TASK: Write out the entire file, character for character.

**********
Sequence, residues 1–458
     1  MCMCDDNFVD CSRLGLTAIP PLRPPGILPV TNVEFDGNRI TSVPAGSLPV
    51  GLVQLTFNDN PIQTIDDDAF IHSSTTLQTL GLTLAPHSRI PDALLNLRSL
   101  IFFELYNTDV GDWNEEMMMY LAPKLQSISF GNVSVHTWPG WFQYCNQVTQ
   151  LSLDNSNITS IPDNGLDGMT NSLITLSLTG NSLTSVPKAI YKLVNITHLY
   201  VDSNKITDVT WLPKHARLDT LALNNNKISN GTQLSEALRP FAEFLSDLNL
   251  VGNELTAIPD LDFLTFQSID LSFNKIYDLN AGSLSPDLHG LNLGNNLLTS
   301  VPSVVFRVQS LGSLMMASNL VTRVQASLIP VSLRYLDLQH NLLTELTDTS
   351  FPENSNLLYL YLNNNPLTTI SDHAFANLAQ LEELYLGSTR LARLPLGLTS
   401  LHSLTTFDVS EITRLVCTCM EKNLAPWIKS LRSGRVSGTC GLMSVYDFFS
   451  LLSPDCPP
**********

Sequence, residues 1–458
     1  MCMCDDNFVD CSRLGLTAIP PLRPPGILPV TNVEFDGNRI TSVPAGSLPV
    51  GLVQLTFNDN PIQTIDDDAF IHSSTTLQTL GLTLAPHSRI PDALLNLRSL
   101  IFFELYNTDV GDWNEEMMMY LAPKLQSISF GNVSVHTWPG WFQYCNQVTQ
   151  LSLDNSNITS IPDNGLDGMT NSLITLSLTG NSLTSVPKAI YKLVNITHLY
   201  VDSNKITDVT WLPKHARLDT LALNNNKISN GTQLSEALRP FAEFLSDLNL
   251  VGNELTAIPD LDFLTFQSID LSFNKIYDLN AGSLSPDLHG LNLGNNLLTS
   301  VPSVVFRVQS LGSLMMASNL VTRVQASLIP VSLRYLDLQH NLLTELTDTS
   351  FPENSNLLYL YLNNNPLTTI SDHAFANLAQ LEELYLGSTR LARLPLGLTS
   401  LHSLTTFDVS EITRLVCTCM EKNLAPWIKS LRSGRVSGTC GLMSVYDFFS
   451  LLSPDCPP